Most mornings, after I get up at 6:30 and wake the boys, prod Jake to get ready, make breakfast for John, and close the door behind the three of them, I go back to bed for an early morning nap. I try not to feel guilty about this, because I work hard all day long, and while my work day might start later than some people’s, it also goes on longer (for example, I was drafting motions and writing client letters after 11 last night).
Still, I probably would stay up and try to get an early start on the day if it weren’t for one thing, or I should say one person: Lorelei. My five-year-old baby still sleeps with us, and the temptation of getting back into a warm bed for another hour or so with a cuddly little person is too hard to resist most days.
Parenting is an inexact science–or art–at best, but one area I feel sure I have mastered after five children is the issue of “sleep training.” Solve Your Child’s Sleep Problems was all the rage when my first was a baby, and I “Ferberized” her and her little brothers. It worked–for awhile. But I remember many, many nights standing by Emily’s crib, counting the minutes until I thought it was safe to sneak out the door; and many, many other nights of lying on the floor next to her bed and then actually crawling out of the room. With Jake, it was getting up and down and up and down to head to his room to nurse him, only to fall asleep where I sat; both Teddy and Jake came into bed with us in the middle of the night for years. And always there was a sense that I just HAD to get them to sleep through the night in their own beds!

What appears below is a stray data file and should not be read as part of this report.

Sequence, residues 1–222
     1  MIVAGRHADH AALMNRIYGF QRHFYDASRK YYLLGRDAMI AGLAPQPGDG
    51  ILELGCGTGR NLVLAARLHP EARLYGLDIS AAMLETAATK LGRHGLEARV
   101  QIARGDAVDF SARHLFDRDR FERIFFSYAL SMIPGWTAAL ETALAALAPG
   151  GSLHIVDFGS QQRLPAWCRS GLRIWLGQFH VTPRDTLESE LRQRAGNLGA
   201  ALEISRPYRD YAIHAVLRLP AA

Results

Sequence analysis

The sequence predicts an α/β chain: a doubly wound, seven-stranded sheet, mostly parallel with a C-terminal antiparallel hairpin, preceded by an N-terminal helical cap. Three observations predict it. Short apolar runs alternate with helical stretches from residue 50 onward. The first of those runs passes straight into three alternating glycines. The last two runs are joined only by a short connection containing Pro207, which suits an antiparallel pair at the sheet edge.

But why, really? When William was born, he slept in his cradle occasionally, but mostly he was in bed with me. When he was two, I put the mattress from his crib (which we set up but never once used) on the floor next to our bed, and he started sleeping on it. Eventually I moved the mattress to his room and began nursing him to sleep there. Sometimes he would call for me in the night, but he never once left his room to come to ours. By the age of four, he slept all night, every night, in his own room. It had all been peaceful and stress-free.
Lorelei didn’t have a room of her own, let alone a crib, as an infant. She has always slept with us. She has a room now with her own mattress, and if I want to lie there with her until she falls asleep she will sleep there until she wakes to use the bathroom, when she comes to us. But most of the time I don’t bother. After a stressful, busy day, I like that I can still give her this time, can fill her emotional tank and mine with some nighttime cuddles.
As for going back to bed in the morning, here’s the reason I quiet that critical, guilt-inducing inner voice and do it more often than not: I remember when Teddy, now a 210-lb. 15-year-old football player, was a roly-poly five-year-old, still asleep in my bed when his big brother and sister left for school. I remember how often I forced myself to resist the pull to go back and join him so I could do something very important like dishes or laundry. I remind myself that ten years from now there will still be laundry and dishes and letters to write, but there will not be a cuddly child lying in my bed.
And then I go back to sleep.
Postscript: Lorelei continued to spend a lot of nights in bed with us for many more years. She’s 12 now and sleeps in her own room.